UNG shapes the specificity of AID-induced mutations in B cells
To address the contribution of UNG to error-free and error-prone resolution of AID-induced lesions in B cells, we performed NGS analysis of UNG-proficient and -deficient mice. Spleen B cells from UNG+/+, UNG−/−, and AID−/− mice were labeled with CFSE and stimulated in vitro in the presence of LPS, IL4, and BAFF. Under these conditions, B cells undergo CSR and accumulate mutations in the μ switch region (Sμ) of the immunoglobulin heavy chain locus (Reina-San-Martin et al., 2003). After 4 d, cells that had undergone more than five divisions were sorted and a region immediately upstream of Sμ was amplified and sequenced by NGS. We detected a higher total mutation frequency in wild-type (UNG+/+) B cells than in AID−/− B cells (UNG+/+ 6.2 × 10−4 vs. AID−/− 2.6 × 10−4 mutations/bp, P < 0.0001, Student’s t test), and this difference became increasingly larger in G/C nucleotides in WRC/GYW and WRCY/RGYW hotspots (Fig. 5 A, Table 3, Table S2), indicating that mutations induced by endogenous AID on immunoglobulin genes can be reliably detected by NGS. As expected, UNG deficiency resulted in a decrease in the frequency of transversions and an increase in the frequency of transitions (Di Noia and Neuberger, 2002; Rada et al., 2002; Fig. 5 B). Notably, UNG−/− B cells harbored a higher total mutation frequency than UNG+/+ B cells (UNG+/+ 6.2 × 10−4 vs. UNG−/− 13.4 × 10−4 mutations/bp, P < 0.0001, Student’s t test), which were the result of an absolute increase in the frequency of transitions (UNG+/+ 3.5 × 10−4 vs. UNG−/− 11.6 × 10−4 mutations/bp, P < 0.0001, Student’s t test; Fig. 5 B). These data reveal that, in agreement with our findings in non–B cells (Fig. 3 D), a fraction of the lesions induced by AID are faithfully repaired by UNG also in B cells.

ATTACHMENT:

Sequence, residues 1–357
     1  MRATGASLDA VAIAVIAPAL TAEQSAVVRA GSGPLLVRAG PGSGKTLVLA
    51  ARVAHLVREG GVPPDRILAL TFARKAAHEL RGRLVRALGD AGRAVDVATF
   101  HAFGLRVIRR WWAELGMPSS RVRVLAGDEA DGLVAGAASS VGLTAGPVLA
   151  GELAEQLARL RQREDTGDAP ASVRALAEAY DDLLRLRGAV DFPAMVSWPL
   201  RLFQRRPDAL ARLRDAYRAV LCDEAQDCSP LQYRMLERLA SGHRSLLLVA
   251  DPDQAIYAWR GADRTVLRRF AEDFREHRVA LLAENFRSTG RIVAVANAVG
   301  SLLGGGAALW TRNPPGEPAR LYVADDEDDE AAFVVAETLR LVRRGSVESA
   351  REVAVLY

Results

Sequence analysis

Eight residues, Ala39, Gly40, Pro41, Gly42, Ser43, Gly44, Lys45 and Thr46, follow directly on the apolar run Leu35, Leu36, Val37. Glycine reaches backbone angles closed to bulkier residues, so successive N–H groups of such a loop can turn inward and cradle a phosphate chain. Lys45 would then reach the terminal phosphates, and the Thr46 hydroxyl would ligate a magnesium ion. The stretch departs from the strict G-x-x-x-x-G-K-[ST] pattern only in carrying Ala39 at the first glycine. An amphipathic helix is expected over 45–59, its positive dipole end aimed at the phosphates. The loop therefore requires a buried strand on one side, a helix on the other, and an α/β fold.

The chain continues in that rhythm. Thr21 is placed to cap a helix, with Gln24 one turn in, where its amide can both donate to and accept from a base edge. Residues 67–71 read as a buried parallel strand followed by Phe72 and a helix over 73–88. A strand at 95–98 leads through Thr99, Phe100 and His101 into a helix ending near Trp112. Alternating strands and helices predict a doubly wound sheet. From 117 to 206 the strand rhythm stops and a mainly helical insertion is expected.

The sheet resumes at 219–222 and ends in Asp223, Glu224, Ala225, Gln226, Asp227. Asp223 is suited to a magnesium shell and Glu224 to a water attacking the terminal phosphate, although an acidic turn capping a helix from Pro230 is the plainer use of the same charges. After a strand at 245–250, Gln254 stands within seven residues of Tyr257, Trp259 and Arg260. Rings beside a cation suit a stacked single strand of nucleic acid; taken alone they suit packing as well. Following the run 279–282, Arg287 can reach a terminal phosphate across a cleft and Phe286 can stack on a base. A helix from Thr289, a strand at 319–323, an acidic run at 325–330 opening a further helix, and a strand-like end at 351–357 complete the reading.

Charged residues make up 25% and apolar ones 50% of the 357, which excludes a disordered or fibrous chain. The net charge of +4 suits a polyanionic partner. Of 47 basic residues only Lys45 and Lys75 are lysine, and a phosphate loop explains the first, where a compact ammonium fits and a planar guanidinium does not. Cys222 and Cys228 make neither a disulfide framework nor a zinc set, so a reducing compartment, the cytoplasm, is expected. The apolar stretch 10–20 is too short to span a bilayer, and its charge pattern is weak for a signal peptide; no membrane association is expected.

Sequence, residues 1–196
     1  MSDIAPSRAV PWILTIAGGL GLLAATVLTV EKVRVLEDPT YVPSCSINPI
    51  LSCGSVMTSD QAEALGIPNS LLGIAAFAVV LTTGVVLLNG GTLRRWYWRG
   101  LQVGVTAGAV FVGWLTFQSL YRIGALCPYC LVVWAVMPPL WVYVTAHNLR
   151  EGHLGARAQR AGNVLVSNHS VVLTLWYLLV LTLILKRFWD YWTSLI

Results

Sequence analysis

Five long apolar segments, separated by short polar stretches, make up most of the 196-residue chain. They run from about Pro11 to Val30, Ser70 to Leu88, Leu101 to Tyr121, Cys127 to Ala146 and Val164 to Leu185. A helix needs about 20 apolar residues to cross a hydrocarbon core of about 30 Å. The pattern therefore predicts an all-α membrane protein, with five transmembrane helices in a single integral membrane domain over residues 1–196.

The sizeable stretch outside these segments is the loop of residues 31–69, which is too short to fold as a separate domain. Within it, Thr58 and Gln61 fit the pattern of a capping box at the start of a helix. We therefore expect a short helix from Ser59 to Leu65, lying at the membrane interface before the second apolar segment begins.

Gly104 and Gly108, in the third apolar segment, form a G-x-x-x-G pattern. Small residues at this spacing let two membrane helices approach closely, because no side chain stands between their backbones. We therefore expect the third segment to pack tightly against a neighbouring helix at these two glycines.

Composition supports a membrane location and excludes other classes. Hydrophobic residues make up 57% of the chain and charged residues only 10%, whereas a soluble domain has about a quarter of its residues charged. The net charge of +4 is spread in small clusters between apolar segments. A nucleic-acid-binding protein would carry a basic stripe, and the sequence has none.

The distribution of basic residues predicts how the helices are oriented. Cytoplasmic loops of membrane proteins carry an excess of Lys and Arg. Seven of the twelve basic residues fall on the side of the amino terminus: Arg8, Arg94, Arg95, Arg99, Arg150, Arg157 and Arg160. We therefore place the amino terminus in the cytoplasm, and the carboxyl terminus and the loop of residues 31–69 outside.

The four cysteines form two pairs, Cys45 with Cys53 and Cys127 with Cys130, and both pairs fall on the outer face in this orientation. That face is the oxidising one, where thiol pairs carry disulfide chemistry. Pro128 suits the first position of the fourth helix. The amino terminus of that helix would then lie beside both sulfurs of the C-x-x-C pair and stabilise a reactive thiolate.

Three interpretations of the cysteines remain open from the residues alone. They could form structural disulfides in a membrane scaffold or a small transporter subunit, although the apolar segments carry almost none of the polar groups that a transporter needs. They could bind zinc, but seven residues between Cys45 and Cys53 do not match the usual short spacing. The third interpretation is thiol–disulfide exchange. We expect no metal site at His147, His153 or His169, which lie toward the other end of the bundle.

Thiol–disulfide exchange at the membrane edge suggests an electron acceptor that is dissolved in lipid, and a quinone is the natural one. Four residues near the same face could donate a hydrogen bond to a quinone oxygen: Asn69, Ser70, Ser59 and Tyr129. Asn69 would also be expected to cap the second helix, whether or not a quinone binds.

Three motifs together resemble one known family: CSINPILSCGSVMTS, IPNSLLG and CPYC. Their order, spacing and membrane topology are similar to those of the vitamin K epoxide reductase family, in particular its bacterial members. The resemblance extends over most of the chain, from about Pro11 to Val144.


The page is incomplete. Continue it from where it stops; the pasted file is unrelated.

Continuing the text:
Next, we analyzed the distribution of mutations at WRCY/RGYW hotspots in UNG+/+ and UNG−/− as described (Fig. 4). We found that different hotspots showed a differential accumulation of transitions in the absence of UNG. Specifically, UNG−/− B cells showed a significant increase in transition mutations in cytosines contained in AACT, TACT, AGTA, AGTT, GGTA, and GGTT hotspots (Fig. 5 C). Remarkably, AACT, TACT, AGTA, and AGTT were also found to accumulate transition mutations in Ugi-expressing NIH-3T3 cells (Fig. 4 A). GGTA and GGTT hotspots are not present in the mOrangeSTOP transgene and could not be evaluated. Together, these results indicate that UNG can trigger error-free resolution of AID-induced lesions in a sequence-dependent fashion. We conclude that UNG activity displays sequence preference that biases the error-free versus error-prone resolution of U:G mismatches and that this bias is conserved in different cell types and target sequences.